Seeing The Good Life

Your life can be as good as you let it be.  How we view our life will largely determine how happy we are.  I know someone that has led a very good life - Sunday dinners with children and grandchildren, a close relationship and lots of activities with siblings, travel all over the U.S., jobs that have paid well, nice homes - you name it, but they do not seem very happy.  When talking to them I get the feeling that when they look back on their lives they see missed opportunities instead of focusing on the good times.

No one wants to be unhappy, but at times it appears that unhappiness is what we choose.  Why is contentment so hard to achieve?  There is a part of the mind which thinks that it is protecting us by observing and noting everything negative or bad in the world.  While this may have some practical use, it often spins out of control, and we become stuck in negative mental loops that repeat continuously.

Although I don't have all of the answers, and working on contentment and happiness can be a full time job, I have found a few tools that help.



  • Don't fret over what could have been.  Although we've all been told not to cry over spilled milk, it is easier said than done.  By observing our thoughts and noticing when we start down the negative path we can learn to pull out of the downward spiral.  Acknowledge your negative thoughts, then remind yourself that you are alive here and now. Do your best with what you have in the present moment.
  • Be grateful.  Many studies have shown that a formal program of being grateful improves feelings of happiness and contentment.  Daily prayer, a gratefulness log, or a journal are all great ways to express your appreciation for everything beautiful and special in your life.
  • Don't fight reality - it's a losing game.  Simply wishing things were different than they are or were only leads to resentment and anger.  Accept things as they are without resistance and use this as a starting point for positive change.
  • Intentionally practice seeing the beauty in the rich and complex world around you.  Use mindfulness to step outside of your routine way of seeing things and consciously notice beauty.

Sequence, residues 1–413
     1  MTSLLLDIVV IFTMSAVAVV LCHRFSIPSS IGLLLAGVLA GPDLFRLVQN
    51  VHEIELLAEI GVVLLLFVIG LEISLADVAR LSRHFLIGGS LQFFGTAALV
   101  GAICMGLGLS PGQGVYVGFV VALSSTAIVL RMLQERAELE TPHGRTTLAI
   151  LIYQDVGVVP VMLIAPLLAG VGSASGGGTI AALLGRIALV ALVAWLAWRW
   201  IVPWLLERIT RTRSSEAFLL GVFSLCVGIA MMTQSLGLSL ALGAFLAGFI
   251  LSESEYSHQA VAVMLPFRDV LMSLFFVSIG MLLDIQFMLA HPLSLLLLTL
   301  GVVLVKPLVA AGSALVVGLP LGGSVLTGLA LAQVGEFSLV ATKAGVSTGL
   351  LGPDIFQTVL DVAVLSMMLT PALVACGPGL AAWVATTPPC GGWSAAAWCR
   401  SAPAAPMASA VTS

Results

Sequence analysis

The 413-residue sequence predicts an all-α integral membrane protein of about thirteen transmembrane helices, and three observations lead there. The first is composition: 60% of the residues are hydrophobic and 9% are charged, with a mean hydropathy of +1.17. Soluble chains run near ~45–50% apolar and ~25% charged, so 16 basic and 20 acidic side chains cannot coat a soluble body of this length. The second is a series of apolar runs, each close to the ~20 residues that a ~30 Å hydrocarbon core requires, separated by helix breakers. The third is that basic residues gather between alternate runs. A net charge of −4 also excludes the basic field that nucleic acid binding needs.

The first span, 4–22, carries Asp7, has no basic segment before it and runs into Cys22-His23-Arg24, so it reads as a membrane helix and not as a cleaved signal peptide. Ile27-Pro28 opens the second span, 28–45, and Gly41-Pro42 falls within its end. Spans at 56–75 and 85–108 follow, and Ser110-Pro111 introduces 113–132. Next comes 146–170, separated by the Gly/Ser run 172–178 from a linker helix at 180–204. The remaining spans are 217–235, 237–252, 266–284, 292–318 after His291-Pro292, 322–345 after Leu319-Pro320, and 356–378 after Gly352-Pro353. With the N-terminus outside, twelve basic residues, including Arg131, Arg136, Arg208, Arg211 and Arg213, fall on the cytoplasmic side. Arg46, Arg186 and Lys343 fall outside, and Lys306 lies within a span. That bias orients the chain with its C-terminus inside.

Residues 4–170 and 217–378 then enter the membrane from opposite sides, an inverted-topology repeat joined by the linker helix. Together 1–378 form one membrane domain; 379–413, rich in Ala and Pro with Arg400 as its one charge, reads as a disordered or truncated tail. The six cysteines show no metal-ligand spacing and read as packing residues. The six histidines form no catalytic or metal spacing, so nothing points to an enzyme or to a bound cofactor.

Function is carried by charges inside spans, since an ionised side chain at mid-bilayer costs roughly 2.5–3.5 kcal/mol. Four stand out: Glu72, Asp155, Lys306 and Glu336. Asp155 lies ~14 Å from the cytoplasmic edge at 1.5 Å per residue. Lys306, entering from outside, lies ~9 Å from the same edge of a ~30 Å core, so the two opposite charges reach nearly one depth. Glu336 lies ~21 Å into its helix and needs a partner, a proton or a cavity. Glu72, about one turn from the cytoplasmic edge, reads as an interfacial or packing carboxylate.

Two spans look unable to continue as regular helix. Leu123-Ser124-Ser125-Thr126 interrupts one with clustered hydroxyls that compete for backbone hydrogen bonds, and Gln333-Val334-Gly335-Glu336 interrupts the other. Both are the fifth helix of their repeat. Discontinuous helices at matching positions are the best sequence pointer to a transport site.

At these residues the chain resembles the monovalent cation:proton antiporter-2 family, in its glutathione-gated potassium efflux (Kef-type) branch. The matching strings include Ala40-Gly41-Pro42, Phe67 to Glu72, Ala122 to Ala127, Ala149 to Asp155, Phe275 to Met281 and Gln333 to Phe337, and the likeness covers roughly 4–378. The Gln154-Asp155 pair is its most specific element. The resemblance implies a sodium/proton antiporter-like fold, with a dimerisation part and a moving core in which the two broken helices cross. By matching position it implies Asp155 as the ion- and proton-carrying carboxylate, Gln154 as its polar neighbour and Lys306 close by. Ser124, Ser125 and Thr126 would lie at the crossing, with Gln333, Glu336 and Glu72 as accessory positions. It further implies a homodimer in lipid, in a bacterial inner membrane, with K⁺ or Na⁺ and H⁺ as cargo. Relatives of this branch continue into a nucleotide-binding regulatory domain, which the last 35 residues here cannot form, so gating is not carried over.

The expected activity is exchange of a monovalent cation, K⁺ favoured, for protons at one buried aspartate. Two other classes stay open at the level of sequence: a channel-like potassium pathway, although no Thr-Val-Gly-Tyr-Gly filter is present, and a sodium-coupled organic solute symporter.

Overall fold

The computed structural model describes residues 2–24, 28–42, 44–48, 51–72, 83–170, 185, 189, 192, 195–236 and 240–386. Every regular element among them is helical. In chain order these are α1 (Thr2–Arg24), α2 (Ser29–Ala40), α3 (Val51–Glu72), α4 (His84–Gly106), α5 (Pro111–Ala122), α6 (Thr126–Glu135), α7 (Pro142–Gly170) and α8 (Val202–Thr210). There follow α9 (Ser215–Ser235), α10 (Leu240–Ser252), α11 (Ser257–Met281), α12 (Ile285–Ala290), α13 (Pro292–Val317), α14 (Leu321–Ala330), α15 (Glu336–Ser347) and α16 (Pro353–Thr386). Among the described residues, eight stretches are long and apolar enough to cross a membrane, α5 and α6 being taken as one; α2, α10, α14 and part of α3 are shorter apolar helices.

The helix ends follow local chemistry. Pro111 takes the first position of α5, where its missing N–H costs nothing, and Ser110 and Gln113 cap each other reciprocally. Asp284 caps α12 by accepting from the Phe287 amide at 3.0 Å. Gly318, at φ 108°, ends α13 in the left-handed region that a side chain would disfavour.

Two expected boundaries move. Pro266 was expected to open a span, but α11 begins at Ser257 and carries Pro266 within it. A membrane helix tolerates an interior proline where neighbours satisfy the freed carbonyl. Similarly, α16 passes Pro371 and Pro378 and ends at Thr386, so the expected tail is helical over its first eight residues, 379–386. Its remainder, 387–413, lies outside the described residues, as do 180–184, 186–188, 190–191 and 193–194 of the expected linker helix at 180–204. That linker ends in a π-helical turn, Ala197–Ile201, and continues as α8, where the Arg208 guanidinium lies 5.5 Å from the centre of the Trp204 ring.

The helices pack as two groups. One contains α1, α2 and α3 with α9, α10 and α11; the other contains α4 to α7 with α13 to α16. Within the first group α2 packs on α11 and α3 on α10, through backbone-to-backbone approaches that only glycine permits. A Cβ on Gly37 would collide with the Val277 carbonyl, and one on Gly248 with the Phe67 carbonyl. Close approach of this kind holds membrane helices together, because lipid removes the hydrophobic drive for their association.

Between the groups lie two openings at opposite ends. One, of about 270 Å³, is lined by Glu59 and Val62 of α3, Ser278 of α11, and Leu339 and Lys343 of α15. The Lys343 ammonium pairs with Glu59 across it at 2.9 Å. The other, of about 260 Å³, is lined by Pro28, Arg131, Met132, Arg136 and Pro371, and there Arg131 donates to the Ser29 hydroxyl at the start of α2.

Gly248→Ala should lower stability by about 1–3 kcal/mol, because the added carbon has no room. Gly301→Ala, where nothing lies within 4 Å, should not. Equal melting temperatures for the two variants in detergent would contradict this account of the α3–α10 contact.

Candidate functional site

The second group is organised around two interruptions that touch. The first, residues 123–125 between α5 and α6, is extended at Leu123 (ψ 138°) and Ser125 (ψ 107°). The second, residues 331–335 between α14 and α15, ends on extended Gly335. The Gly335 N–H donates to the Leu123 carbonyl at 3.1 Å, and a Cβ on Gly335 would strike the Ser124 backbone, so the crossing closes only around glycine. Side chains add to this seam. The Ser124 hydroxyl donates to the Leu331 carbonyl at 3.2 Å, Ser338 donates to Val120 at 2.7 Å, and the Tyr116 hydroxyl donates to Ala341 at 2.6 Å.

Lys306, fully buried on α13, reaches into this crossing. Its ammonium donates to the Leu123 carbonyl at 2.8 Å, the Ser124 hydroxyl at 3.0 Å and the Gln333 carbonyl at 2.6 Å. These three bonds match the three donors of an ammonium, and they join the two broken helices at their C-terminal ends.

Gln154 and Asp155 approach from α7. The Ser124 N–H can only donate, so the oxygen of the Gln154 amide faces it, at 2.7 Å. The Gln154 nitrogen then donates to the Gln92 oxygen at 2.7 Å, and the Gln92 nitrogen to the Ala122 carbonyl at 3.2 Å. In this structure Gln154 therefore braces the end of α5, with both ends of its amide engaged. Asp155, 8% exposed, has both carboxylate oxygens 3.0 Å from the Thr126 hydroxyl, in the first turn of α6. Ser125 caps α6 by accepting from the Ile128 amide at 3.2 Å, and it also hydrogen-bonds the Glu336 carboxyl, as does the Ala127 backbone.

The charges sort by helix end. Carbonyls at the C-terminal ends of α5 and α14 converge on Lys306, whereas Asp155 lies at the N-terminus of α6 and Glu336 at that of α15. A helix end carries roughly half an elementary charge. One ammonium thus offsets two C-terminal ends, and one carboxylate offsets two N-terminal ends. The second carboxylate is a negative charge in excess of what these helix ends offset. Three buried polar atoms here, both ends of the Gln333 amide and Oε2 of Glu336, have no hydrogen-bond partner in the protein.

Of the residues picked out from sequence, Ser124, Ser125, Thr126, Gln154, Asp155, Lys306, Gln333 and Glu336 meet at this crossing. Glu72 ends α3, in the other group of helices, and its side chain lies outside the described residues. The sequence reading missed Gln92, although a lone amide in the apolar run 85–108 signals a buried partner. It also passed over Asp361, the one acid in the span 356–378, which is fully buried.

There is beauty abound in this world, you only need to take the time to see it.  Check out Brooke's related post at Slow Your Home.

Zen Presence - Ideas for Meaningful Living

Nothing is cooler than sharing. Spread the Zen below.

6 comments:

  1. I once read that we always seem to get into negative spirals, but never positive...Odd that we seem to be so hard-wired to see the bad without seeing the good.

    We could all take a lesson from my daughter, who marvels over the newness and wonder of pretty much everything she encounters.

    ReplyDelete
    Replies
    1. It does seem that as we get older we tend to focus on danger, fear, and negative things. While this may help our biological selves survive, it does nothing for the spirit. Oh to have the fresh attitude of a child again, wouldn't that be nice!

      Delete
  2. Great post, Dan. Glad to see the brain addressed here. Yes, we are hard wired to be suspicious and assume the worst. It has kept the species going for million of years. And it's a lot of hard freakin' work to overcome that, but well worth the trouble. You have an excellent list of simple and elegant tips here. Accepting and working within reality has been a great starting place for dealing with my own issues. Thank you!

    ReplyDelete
    Replies
    1. Any time I feel myself wishing things were different, I feel negativity gnawing at me. Even when you want to make positive change you have to start with the way things are.

      Delete
  3. So great to read this just now. Perspective has such impact on our outlook, but only when we allow it to.

    ReplyDelete
    Replies
    1. I try to assess my perspective daily and adjust as necessary.

      Delete